White House Seeks to Prevent New Iran Sanctions

White House Seeks to Prevent New Iran Sanctions
White House Seeks to Prevent New Iran Sanctions

White House adviser Dan Pfeiffer says the Obama administration will continue consultations with the US Congress to prevent any new sanctions legislation against Iran, which it believes could derail the talks between Iran and the major powers on a final deal to resolve the long-running dispute over Tehran's nuclear program.

Pfeiffer, who was speaking on NBC's "Meet the Press" on Sunday, also said, "It does not make any sense for Congress to scuttle that deal ... because that would put America in a bad place, not just in dealing with Iran but with the world," the Associated Press reported.  

A leading Republican critic of President Barack Obama's foreign policy also said on the same program that he is pushing new sanctions against Iran over its nuclear program, unswayed by a White House veto threat and lobbying by Britain's leader.

Senator Lindsey Graham said he would be willing to set aside his efforts if Obama would submit any agreement with Tehran to Congress for lawmakers to approve or reject.  

The Obama adviser scoffed at the idea as an infringement on presidential authority.

The new GOP-led Congress has picked an early foreign policy fight with the president, with the Senate Banking, Housing and Urban Affairs Committee holding a hearing Tuesday on possible new sanctions against Tehran.

The US and its partners in the negotiations are trying to reach a framework agreement with Iran by March and hoping to complete a long-term deal by July that would impose constraints on Tehran's nuclear work in exchange for a phasing out of sanctions.

US Secretary of State John Kerry and Foreign Minister Mohammad Javad Zarif have stepped up their talks, and they may hold further discussions this week when both are expected to attend the World Economic Forum in Switzerland.

The proposed sanctions, which have bipartisan support, would go into effect only if the negotiations fail and the June 30 deadline is not met, according to a congressional aide who spoke on background because the bill has not been finalized.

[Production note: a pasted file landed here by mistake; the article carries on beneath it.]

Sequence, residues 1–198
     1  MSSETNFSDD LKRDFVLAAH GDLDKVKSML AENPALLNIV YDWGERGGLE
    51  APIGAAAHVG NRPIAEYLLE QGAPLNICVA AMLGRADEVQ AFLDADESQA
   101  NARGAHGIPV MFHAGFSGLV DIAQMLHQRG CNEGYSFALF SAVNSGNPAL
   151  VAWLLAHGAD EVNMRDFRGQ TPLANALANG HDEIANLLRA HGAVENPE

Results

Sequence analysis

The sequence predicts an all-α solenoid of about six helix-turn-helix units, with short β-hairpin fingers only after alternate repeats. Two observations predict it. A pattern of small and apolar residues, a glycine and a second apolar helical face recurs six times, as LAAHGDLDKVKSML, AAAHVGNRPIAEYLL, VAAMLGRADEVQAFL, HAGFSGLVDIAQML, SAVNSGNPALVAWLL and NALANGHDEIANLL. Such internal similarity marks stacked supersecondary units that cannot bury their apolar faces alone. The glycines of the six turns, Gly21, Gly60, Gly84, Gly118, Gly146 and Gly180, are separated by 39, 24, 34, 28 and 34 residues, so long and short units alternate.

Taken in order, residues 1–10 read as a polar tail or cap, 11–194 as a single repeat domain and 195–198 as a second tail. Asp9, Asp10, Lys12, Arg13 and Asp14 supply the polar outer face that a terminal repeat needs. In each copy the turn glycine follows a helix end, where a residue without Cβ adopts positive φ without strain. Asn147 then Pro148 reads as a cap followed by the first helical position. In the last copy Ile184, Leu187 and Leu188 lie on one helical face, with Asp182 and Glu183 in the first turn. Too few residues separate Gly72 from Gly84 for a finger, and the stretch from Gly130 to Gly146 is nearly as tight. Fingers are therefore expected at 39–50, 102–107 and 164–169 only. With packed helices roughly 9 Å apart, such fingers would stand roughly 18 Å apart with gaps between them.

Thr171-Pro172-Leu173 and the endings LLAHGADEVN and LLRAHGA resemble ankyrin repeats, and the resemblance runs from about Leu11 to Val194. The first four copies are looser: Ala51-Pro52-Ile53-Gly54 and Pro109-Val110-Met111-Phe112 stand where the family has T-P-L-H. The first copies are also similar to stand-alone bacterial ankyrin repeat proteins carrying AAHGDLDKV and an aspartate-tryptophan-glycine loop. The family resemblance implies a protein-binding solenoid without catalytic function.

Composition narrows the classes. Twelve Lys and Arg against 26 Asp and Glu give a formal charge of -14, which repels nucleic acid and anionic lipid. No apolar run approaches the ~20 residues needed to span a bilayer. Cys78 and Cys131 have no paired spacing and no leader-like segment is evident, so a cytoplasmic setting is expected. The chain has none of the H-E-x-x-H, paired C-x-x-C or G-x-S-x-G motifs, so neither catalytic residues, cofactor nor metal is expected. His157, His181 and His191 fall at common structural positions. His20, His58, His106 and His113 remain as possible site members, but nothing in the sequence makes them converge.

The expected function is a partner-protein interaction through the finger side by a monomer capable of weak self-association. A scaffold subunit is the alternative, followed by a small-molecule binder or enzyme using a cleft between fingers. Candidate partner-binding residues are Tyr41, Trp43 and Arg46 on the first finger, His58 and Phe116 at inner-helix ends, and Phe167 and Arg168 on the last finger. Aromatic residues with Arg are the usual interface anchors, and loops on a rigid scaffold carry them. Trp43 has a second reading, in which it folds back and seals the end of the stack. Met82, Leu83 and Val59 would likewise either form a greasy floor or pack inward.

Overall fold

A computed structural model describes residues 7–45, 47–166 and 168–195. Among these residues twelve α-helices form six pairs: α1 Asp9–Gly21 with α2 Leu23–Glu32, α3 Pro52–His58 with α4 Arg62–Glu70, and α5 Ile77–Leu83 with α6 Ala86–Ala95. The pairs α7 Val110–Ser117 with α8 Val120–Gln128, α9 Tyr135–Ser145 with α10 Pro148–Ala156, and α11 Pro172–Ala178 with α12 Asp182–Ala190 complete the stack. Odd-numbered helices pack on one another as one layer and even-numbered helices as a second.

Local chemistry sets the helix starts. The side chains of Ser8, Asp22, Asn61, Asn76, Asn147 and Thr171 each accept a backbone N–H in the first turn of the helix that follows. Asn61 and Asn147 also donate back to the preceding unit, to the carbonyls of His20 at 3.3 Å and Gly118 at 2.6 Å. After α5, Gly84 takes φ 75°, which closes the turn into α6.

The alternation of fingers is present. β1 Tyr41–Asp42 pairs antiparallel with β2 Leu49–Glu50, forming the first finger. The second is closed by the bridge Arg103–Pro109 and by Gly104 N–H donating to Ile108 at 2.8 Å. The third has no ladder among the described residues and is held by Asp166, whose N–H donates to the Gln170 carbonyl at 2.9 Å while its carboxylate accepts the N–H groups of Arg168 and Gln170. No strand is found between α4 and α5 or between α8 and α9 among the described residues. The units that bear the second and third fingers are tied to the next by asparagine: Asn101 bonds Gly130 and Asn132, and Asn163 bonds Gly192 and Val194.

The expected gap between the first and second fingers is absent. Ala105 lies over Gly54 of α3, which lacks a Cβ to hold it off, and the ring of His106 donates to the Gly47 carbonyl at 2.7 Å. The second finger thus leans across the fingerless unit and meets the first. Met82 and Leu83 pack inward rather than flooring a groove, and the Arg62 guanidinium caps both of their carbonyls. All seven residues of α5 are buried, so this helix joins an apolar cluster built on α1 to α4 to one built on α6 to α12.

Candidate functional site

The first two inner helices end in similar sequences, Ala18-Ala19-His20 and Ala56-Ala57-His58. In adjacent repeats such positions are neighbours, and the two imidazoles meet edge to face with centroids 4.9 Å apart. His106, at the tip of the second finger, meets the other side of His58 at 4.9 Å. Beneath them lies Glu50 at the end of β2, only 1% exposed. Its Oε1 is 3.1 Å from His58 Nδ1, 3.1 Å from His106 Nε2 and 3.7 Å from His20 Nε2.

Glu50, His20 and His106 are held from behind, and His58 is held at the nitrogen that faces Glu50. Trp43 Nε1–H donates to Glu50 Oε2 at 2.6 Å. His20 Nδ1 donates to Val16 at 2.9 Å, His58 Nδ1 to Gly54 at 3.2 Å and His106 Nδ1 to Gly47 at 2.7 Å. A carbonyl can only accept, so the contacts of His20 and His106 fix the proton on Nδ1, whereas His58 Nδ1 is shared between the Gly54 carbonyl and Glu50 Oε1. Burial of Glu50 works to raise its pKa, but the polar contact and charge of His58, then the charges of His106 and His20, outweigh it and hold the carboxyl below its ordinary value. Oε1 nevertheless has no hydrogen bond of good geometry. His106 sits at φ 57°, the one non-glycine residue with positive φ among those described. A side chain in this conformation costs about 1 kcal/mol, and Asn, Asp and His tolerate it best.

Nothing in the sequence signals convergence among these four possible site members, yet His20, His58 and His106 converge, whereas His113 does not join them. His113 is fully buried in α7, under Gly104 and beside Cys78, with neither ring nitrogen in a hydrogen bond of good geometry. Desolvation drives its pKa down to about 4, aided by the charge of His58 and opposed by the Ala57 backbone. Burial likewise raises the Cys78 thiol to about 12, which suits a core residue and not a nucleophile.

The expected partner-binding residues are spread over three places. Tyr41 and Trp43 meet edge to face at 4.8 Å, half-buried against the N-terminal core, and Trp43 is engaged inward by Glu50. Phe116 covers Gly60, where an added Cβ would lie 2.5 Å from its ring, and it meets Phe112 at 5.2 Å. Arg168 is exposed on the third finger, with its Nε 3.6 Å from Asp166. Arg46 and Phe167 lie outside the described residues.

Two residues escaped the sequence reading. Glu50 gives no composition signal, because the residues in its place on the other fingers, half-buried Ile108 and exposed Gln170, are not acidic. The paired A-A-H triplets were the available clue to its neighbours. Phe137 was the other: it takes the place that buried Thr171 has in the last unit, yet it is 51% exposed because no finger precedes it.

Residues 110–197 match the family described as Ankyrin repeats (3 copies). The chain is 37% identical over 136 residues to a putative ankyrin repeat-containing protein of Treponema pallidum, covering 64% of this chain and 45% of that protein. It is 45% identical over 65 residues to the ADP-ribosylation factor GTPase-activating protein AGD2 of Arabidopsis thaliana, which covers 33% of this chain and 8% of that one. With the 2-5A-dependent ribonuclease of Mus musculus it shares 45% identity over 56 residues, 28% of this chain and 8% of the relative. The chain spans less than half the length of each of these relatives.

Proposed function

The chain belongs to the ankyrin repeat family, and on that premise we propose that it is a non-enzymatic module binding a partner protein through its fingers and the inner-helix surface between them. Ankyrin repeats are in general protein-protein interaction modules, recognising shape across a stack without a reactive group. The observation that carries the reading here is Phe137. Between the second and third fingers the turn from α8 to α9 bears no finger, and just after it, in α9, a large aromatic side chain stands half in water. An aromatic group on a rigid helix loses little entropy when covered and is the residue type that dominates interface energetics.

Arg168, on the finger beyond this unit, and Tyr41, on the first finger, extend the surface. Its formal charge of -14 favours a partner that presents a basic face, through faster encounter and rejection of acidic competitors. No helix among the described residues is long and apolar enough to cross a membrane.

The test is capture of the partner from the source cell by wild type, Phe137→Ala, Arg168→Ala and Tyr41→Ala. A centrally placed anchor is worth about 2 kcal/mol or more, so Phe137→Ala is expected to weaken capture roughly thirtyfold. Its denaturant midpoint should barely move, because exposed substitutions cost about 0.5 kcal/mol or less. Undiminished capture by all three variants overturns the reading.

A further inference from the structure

Graham described congressional efforts as signaling to the Iranians that "we would like a political negotiation, a diplomatic solution. But please understand in Iran that Congress is intent on reapplying sanctions if you walk away from the negotiating table and if you cheat," Graham said. "I don't think that's a disruptive message."

***Demanding Say on Final Deal  

As an alternative, he said if Obama "thinks sanctions are disruptive to a good outcome, I'm willing to forgo that vote with the understanding that any deal he negotiates will come to Congress for our approval or disapproval as a check and balance."

Pfeiffer contended that Graham "would like to make all the foreign policy decisions of the United States and be commander in chief. ... It's the president's authority."

Obama said at a news conference on Friday that imposing new sanctions probably would doom the nuclear negotiations and heighten prospects of a military showdown. "Just hold your fire," the president pleaded to Congress, while also issuing the veto threat.

British Prime Minister David Cameron, who was visiting Washington last week, said he was calling senators to convey the message that new penalties would hurt international unity.

Senator Marco Rubio also said on CBS' "Face the Nation" on Sunday that the United States Congress should impose new sanctions against Iran.

"I believe we need additional sanctions," he said, adding, "I believe any deal with Iran requires congressional approval, and I hope we'll move quickly in the new Congress to pass both of those. Look, the only reason Iran is even at the table is because of existing sanctions. And these negotiations that are going on now are really not going to bear fruit."

Iran denies the claim that sanctions compelled it to sit at negotiating table, saying it has engaged in the nuclear negotiations to help resolve an "unnecessary" dispute to pave the way for improving its foreign relations.   

Rubio alleged that Iran views the negotiations as "nothing but an effort to buy time to gain some sanctions relief" while not giving up any irreversible concessions.

"So I'm not optimistic these talks are going to lead to anywhere anyways, and we need to have in place sanctions that kick in when those talks fail," he said.